GENEVA, Switzerland — Still smarting after a rap from the World Trade Organization (WTO), the U.S. says it will appeal a ruling against the so-called “Byrd Amendment.”
The U.S. law in question gives American companies the fines collected from foreign firms they accuse of unfair pricing.
In a confidential ruling late Wednesday, the WTO decided the amendment breaks international trade rules and should be repealed. Canada, the first of 25 countries to complain about the law, welcomed the “interim” decision.
The report — released to give governments a chance to comment — is not yet final, but is unlikely to change before it is formally released, probably in September.
West Virginia Senator Robert Byrd, the legislation’s namesake, described the ruling as “appalling.”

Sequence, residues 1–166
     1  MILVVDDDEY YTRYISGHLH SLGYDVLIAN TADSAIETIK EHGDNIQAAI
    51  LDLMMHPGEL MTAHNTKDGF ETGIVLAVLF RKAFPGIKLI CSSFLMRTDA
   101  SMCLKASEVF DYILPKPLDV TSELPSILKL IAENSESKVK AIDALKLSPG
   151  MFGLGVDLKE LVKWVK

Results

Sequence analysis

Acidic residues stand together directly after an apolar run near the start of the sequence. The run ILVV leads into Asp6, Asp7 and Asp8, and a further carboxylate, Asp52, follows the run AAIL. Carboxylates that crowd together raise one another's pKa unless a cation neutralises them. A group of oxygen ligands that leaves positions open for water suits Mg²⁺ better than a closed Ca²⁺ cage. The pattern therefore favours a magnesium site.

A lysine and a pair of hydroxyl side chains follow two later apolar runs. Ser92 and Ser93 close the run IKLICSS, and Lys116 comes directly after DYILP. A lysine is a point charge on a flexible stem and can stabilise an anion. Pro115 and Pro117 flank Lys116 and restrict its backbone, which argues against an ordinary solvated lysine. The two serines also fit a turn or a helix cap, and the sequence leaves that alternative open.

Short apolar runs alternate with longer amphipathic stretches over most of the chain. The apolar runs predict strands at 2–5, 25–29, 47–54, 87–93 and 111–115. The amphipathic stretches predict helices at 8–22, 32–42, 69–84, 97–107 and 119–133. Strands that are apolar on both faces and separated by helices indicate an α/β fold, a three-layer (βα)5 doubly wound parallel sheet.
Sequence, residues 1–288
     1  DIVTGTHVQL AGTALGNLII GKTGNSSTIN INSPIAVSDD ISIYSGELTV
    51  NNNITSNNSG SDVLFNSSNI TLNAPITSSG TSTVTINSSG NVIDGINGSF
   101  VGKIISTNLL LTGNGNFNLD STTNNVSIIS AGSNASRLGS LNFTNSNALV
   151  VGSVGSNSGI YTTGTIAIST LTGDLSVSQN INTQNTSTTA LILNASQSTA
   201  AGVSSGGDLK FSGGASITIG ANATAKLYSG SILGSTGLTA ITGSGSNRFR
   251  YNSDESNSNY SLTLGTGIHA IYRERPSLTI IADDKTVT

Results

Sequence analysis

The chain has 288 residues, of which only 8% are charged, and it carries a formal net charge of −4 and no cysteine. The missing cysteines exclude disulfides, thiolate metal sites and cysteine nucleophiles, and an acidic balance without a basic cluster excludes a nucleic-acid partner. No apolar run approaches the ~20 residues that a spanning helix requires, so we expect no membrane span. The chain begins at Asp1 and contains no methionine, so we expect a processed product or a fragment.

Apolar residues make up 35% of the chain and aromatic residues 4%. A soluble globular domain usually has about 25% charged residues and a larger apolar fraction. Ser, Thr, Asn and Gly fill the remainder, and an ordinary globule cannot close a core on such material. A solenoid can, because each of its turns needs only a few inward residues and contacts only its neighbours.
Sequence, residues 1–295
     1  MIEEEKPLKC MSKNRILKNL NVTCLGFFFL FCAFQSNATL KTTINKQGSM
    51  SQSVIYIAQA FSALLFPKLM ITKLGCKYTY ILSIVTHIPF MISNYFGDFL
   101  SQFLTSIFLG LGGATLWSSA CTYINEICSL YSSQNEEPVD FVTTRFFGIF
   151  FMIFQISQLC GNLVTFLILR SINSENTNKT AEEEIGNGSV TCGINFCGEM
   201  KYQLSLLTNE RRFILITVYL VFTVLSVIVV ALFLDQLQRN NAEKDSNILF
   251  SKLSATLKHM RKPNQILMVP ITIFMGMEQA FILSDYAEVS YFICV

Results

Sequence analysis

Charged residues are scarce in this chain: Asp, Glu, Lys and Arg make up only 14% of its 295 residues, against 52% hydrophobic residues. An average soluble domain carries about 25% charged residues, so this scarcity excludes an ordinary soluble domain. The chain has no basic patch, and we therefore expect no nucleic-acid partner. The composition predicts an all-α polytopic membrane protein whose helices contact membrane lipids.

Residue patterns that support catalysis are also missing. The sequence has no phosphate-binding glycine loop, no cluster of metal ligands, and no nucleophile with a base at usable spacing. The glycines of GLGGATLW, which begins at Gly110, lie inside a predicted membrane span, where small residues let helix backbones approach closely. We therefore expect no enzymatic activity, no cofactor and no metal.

“The WTO has decided that it — and not the U.S. Congress — has the authority to determine how American tax dollars are spent,” adds Byrd.
Under the Byrd Amendment, passed in 2000, tens of millions of dollars in fines collected by the U.S. government are handed over to companies that lodge complaints against foreign exporters judged to be “dumping” products at artificially low prices.
Complainants charge the law punishes exporters to the U.S. twice because first they are fined and then those fines are handed to their competitors.
Canada’s Trade Minister, Pierre Pettigrew, says he is very happy with the WTO ruling.
“This legislation is potentially harmful and disruptive to the international trading environment. It means that the Byrd Amendment gives U.S. businesses a vested interest in having their government impose duties, because they would get a direct cut,” says Pettigrew.
“If the final report reflects the arguments brought forward by Canada, this is very good news. It will mean that the U.S. government will have to conform to international law by eliminating this unfair practice.”
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